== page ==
Sen. Dick Durbin (D-IL) says yes. Read all about it at the Washington Post…Read more!
Wednesday, November 28, 2012
So argues Veronique de Rugy over at National Review Online.
I explored this issue recently for Real Clear Markets. Check out that piece here.Read more!
Tuesday, November 27, 2012
Monday, November 19, 2012
New paper from the Social Science Research Network: “Will Delayed Retirement by the Baby Boomers Lead to Higher Unemployment Among Younger Workers?”
"Will Delayed Retirement by the Baby Boomers Lead to Higher Unemployment Among Younger Workers?"
Boston College Center for Retirement Research Working Paper No. 2012-22
Using 1977-2011 data from the Current Population Survey, this paper investigates the often-repeated claim that delayed retirement by baby boomers will result in higher unemployment among the young, a claim which has been garnering increased attention from the media during the Great Recession. It explores both time-series and cross-state variation, and uses state-level regressions and instrumental-variable models to determine the extent to which such “crowding out” exists in the United States. The estimates show no evidence that increasing the employment of older persons reduces the job opportunities or wage rates of younger persons.
Indeed, the evidence suggests that greater employment of older persons leads to better outcomes for the young in the form of reduced unemployment, increased employment, and a higher wage. The patterns are consistent for both men and women and for groups with different levels of education. Estimates using elderly male mortality rates as instrumental variables also produce no consistent evidence that changes in the employment rates of older workers adversely affect the employment and wage rate of their younger counterparts. If anything, the opposite is true. Finally, despite the fact that the labor market downturn that accompanied the Great Recession was the most severe experienced in the post-war era, the effects of elderly employment on other segments of the labor market do not differ from those during typical business cycles.Read more!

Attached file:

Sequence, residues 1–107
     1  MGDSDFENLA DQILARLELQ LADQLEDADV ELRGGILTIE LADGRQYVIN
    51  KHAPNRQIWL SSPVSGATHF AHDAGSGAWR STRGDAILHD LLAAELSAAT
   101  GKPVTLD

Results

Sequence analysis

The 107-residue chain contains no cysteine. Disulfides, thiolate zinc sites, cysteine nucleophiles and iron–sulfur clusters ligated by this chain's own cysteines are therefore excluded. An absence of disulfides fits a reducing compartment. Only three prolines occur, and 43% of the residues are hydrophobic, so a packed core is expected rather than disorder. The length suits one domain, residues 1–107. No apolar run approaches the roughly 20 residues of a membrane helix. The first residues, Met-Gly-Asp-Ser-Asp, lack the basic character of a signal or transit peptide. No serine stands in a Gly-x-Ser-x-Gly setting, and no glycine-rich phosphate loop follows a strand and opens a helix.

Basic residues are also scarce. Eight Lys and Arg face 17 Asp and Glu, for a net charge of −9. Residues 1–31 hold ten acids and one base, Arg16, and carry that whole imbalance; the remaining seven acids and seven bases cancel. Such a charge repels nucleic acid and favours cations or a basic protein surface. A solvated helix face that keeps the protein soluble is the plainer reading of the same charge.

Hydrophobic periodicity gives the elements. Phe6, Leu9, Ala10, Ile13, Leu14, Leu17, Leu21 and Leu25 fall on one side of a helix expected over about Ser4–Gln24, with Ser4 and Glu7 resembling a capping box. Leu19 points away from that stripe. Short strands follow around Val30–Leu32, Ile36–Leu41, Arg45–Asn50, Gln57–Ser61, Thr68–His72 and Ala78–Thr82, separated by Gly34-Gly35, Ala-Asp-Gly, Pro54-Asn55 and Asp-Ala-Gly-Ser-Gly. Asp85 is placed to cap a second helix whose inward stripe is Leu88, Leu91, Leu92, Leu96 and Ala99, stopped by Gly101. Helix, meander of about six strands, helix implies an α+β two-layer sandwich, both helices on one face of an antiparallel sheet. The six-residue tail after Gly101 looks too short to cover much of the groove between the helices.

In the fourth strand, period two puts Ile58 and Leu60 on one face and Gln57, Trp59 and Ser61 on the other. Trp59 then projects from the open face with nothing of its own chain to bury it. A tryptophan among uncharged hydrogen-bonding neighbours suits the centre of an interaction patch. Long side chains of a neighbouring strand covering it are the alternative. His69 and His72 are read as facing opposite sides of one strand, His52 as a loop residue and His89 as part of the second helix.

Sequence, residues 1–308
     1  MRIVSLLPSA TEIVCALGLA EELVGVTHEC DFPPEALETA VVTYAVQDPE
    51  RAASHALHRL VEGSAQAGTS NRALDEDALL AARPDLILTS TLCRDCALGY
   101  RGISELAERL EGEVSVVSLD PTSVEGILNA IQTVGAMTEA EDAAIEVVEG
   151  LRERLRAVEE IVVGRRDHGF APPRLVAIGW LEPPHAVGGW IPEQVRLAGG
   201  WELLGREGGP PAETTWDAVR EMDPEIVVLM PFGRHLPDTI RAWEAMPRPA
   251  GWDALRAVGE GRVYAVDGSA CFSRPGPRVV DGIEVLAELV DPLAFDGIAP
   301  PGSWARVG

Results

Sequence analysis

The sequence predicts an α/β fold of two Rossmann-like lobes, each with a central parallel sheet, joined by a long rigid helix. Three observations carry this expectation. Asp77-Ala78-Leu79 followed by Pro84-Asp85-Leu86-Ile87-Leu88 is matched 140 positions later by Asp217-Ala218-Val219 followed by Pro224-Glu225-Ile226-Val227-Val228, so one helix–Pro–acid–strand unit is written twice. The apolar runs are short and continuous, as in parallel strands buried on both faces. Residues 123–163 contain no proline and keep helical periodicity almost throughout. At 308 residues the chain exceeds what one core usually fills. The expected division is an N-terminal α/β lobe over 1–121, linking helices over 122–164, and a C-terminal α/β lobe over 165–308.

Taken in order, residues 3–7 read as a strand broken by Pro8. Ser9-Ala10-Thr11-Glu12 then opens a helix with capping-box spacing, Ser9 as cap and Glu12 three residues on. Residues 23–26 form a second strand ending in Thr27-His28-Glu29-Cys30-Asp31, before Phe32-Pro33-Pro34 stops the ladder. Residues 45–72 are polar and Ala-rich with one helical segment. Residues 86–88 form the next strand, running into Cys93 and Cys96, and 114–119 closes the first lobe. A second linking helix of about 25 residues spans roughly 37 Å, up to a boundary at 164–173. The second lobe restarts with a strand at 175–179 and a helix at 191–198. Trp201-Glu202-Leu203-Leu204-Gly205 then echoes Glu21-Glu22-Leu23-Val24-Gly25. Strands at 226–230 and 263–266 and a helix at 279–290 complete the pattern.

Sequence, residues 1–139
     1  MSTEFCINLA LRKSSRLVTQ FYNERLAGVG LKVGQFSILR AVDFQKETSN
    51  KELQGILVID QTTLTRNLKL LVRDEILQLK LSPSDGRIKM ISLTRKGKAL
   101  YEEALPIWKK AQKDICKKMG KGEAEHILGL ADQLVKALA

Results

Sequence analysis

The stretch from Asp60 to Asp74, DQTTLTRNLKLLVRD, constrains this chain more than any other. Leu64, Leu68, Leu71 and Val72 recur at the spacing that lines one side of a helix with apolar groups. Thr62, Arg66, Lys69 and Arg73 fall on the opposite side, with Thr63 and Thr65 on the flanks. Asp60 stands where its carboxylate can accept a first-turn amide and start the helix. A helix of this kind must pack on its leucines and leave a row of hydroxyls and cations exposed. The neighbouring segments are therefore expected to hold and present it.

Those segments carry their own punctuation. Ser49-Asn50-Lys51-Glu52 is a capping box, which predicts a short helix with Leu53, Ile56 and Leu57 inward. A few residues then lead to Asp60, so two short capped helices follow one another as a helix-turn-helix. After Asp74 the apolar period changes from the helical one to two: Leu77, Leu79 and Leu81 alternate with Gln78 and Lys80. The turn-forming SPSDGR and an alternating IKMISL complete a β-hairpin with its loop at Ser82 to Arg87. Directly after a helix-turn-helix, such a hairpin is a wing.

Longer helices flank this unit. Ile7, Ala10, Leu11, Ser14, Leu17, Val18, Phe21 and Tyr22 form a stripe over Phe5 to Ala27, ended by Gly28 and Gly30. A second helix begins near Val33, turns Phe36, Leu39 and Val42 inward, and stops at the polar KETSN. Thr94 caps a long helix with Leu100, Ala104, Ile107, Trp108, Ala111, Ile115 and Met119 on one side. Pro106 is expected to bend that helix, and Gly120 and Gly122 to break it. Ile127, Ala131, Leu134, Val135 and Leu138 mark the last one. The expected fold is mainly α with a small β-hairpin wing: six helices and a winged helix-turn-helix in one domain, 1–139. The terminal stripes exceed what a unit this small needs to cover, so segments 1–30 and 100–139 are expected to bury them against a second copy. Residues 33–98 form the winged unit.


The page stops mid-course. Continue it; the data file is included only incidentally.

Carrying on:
New paper: “Mismeasurement of Pensions Before and After Retirement: The Mystery of the Disappearing Pensions with Implications for the Importance of Social Security as a Source of Retirement Support”
The National Bureau of Economic Research has released a new article, titled “Mismeasurement of Pensions Before and After Retirement: The Mystery of the Disappearing Pensions with Implications for the Importance of Social Security as a Source of Retirement Support,” by Alan L. Gustman, Thomas L. Steinmeier, and Nahid Tabatabai.
A review of the literature suggests that when pension values are measured by the wealth equivalent of promised DB pension benefits and DC balances for those approaching retirement, pensions account for more support in retirement than is suggested when their contribution is measured by incomes received directly from pension plans by those who have already retired. Estimates from the Health and Retirement Study (HRS) for respondents in their early fifties suggest that pension wealth is about 86 percent as valuable as Social Security wealth. In data from the Current Population Survey (CPS), for members of the same cohort, measured when they are 65 to 69, pension incomes are about 56 percent as valuable as incomes from Social Security. Our empirical analysis uses data from the Health and Retirement Study to examine the reasons for these differences in the contributions of pensions as measured in income and wealth data.